Donizetti: Le Duc d’Albe (Opera Rara)
European wrangles in Brussels are nothing new. In Donizetti’s Le Duc d’Albe, Brussels is under Spanish rule, Count Egmont has just been beheaded and his daughter, Hélène, is inciting a Flemish revolt. The hot-headed Henri confronts the despotic Duke, but is mysteriously spared when the conspirators’ plot is uncovered. Unfortunately, that’s as far as this new release from Opera Rara takes us as Donizetti never got round to completing it. A full synopsis, thankfully, is included.
The history of Le Duc d’Albe is long and convoluted. Following Donizetti’s Les Martyrs, a French remake of Poliuto (recorded by Opera Rara in 2014), Le Duc d’Albe was another project for the Paris Opéra. He started writing it in May 1839, but delays to Les Martyrs cut short composition time. Then Donizetti was busy with reworking another abandoned working – creating La Favorite – and Le Duc kept getting shunted to one side. It was also stuck in a queue behind Meyerbeer and Halevy at the Opéra, and Donizetti despaired that it would never be performed. One of the librettists, Eugène Scribe, launched a court case where he won damages of 7,500 francs from the Opéra’s director, Léon Pillet, because the opera had yet to be staged. Scribe eventually adapted his libretto to a different setting – 12th-century Sicily – where it was used by Verdi for Les Vêpres siciliennes. Donizetti himself initiated a similar lawsuit against the Opéra, but ill-health intervened. By the time of his death in 1848, only Acts 1 and 2 were more or less complete, with about a third of the remainder in the form of vocal lines alone.
In 1881, the score was offered to Ricordi, who rejected it. Ricardi’s Milanese publishing rival, Giuseppina Lucca, appointed a jury to supervise the opera’s completion. Matteo Salvi, who had briefly studied with Donizetti) completed it, leading to a first performance in 1882. The score later disappeared for years before resurfacing in 1951, after which its rare appearances were usually in Italian. Opera Rara reverts to the original French, but only offers Acts 1 and 2 on the basis that these are the only two acts Donizetti largely completed. Martin Fitzpatrick has edited the score, filling the gaps where necessary, including the brief Prélude (below).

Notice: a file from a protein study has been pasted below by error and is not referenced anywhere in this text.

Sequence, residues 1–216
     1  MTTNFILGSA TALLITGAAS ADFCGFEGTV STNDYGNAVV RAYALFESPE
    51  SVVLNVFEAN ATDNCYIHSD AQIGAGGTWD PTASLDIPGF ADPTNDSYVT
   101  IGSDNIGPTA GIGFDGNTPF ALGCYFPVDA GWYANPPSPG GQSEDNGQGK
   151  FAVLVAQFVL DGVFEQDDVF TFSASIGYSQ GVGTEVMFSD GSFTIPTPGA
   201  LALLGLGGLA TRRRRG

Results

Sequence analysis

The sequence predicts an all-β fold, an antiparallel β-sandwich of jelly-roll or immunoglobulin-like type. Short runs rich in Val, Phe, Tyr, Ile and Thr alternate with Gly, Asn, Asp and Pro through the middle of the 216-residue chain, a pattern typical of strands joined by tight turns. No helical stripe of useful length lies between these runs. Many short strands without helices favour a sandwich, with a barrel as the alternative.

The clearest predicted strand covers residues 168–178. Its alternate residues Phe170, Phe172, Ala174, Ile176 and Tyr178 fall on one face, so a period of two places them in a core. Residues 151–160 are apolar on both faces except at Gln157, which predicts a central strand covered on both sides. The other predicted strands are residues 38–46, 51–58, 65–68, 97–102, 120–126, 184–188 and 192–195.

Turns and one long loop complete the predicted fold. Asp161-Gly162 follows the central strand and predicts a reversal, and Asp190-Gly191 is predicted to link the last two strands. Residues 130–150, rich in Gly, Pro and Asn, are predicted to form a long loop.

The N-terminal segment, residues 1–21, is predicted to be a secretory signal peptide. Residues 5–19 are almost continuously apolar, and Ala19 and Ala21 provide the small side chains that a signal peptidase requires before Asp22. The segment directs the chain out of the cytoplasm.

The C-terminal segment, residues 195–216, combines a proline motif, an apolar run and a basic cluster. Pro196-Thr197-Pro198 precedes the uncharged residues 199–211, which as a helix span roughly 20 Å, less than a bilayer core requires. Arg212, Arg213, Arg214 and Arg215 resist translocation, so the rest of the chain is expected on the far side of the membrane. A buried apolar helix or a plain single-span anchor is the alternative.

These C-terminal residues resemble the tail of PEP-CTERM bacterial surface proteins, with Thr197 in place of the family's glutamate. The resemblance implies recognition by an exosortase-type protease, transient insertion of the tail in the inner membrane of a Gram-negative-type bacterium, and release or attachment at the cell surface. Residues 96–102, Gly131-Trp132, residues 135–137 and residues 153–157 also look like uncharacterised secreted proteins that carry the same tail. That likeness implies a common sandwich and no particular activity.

Sir Mark Elder is an Opera Rara veteran and takes charge of a bracing performance. Angela Meade is occasionally a little squally at the top, but has the spinto muscle to power through the role of Hélène. She rouses the Flemish rebels well and is moving in her prayer to the ghost of her father to save Henri. Michael Spyres (thrilling in Les Martyrs) is again in splendid form here. His vibrant tone is unmistakeable, his bright, open tenor perfectly suited for heroic bel canto roles. He shares a wonderful love duet with Hélène (climaxing in a top E flat for both singers – clip below) and another duet with the Duke in Act 1, who starts digging into Henri’s parentage, signalling that there’s a plot twist ahead. (Anyone who knows Les Vêpres siciliennes knows can make an informed guess…)
Laurent Naouri, in the title role, doesn’t have a great deal to do here. He is absent from Act 2 and his set-piece aria comes in the missing Act 3. Baritone Renato Bruson championed the role. Naouri is more of a bass-baritone and sounds a touch woolly in Act 1, although his duet with Spyres ends well. Among the rest of the cast, Gianluca Buratto’s black bass excites in the role of Daniel, the brewer, and David Stout is firm-toned as the Spanish officer Sandoval. The Opera Rara Chorus swaggers in a rousing song in praise of Belgian beer, while the Hallé plays with vigour.
Perhaps economic restraints were also behind the decision to record only the first two acts. I’d have welcomed the chance to hear Salvi’s completion, but for that you’ll have to turn to Fernando Previtali’s 1951 RAI recording, or the 2012 reconstruction (in French) for Vlaamse Opera in Ghent (on Dynamic). Nevertheless, Opera Rara’s truncated account should not be missed by Donizettians.